• 2019-07
  • 2019-08
  • 2019-09
  • 2019-10
  • 2019-11
  • 2020-03
  • 2020-07
  • 2020-08
  • br Interpretation We demonstrate that


    Interpretation: We demonstrate that BCF, as a single agent or in combination with radiation, is a novel treatment approach to the treatment of 36913-39-0 metastases. This paradigm shifting modality warrants further clinical trials for this unmet medical need.
    © 2019 The Authors. Published by Elsevier B.V. This is an open access article under the CC BY-NC-ND license (http://
    Corresponding author at: Department of Cancer Biology, Wake Forest University School of Medicine, Winston-Salem, NC 27157, Unites States of America
    E-mail address: [email protected] (K. Watabe). 
    1. Introduction
    Brain metastasis is an emerging problem in oncology and there are N170,000 new cases in the US every year [1,2]. Breast cancer is the sec-ond leading cause of brain metastasis, and approximately 5–15% of pa-tients with metastatic breast cancer will develop symptomatic brain metastasis [3–5]. Radiation therapy with stereotactic radiosurgery
    Research in context
    Evidence before this story
    Our group has previously identified amplitude modulated radiofre-quency electromagnetic fields (AM RF EMF) in patients diagnosed with multiple cancers. In a pilot study, we administered these fre-quencies to cancer patients in compassionate clinical trials, and observed both complete and partial responses in some patients with breast and hepatocellular cancer metastatic to multiple or-gans, thus demonstrating systemic antitumour effects of AM RF EMF. However, the underlying mechanism behind the response was unknown.
    Added value of this study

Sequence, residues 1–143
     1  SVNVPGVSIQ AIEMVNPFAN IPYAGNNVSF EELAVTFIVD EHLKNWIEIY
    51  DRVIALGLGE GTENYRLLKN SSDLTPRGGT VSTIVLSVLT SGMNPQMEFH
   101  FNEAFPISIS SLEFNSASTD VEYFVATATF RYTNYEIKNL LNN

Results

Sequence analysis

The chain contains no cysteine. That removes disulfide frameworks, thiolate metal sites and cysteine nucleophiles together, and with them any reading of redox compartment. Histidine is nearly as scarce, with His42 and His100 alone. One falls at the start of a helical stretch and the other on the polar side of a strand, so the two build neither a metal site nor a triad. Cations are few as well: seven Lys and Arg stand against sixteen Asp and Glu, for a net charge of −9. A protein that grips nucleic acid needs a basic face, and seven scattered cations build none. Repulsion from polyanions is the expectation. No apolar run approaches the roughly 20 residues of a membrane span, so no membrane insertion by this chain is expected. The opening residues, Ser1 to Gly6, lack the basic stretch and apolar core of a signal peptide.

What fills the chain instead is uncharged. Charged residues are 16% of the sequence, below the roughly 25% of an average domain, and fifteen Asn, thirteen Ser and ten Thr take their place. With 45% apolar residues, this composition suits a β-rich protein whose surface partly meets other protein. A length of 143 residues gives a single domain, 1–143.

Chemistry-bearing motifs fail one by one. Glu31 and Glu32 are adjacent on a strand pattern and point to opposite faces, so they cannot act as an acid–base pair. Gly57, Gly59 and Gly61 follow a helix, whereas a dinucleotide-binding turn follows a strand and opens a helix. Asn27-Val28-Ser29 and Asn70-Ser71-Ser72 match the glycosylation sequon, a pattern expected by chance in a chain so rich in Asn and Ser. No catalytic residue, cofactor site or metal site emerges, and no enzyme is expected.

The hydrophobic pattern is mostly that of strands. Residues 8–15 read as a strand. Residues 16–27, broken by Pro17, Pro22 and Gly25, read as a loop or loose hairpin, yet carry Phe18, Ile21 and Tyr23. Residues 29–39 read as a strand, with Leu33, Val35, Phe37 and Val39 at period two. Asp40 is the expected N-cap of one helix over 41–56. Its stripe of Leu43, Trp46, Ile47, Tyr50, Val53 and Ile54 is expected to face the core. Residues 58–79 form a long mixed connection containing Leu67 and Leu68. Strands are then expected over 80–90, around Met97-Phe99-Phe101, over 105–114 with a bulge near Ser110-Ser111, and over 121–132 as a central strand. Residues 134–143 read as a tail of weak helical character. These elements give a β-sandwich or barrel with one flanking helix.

We tested the hypothesis that this approach is effective in the treatment of brain metastasis of breast cancer patients. We exam-ined the antitumour effect of breast cancer-specific AM RF EMF (BCF) in brain metastatic disease at the same Specific Absorption Rate (SAR) levels as those delivered to the patients. BCF sup-pressed the growth of two brain-metastatic breast cancer cell lines and two brain-metastatic PDXs. Additionally, BCF had long-lasting antitumour activity in a patient with breast cancer brain me-tastasis. We also discovered that combining radiation treatment with BCF resulted in increased treatment efficacy, suggesting that this novel treatment approach could enhance the effect of ra-diation therapy. We then studied the mechanism of action and found that BCF triggered calcium influx from the extracellular to the intracellular compartments through CaV3.2 voltage-gated cal-cium channels (CACNA1H), increasing calcium mediated Calmodulin-activated kinase II (CAMKII) dependent activation of p38 MAPK pathway leading to cell growth inhibition. Importantly, BCF suppressed the cancer stem cell properties of brain metastatic cells by decreasing HMGA2 gene expression. Activation of CAMKII by BCF phosphorylated and primed β-catenin for degrada-tion thereby decreasing HMGA2 expression and cancer stem cell (CSC) population. Additionally, BCF reduced the level of miR-1246 in exosomes secreted by brain metastatic cells, which re-sulted in decreased angiogenesis in brain microenvironment.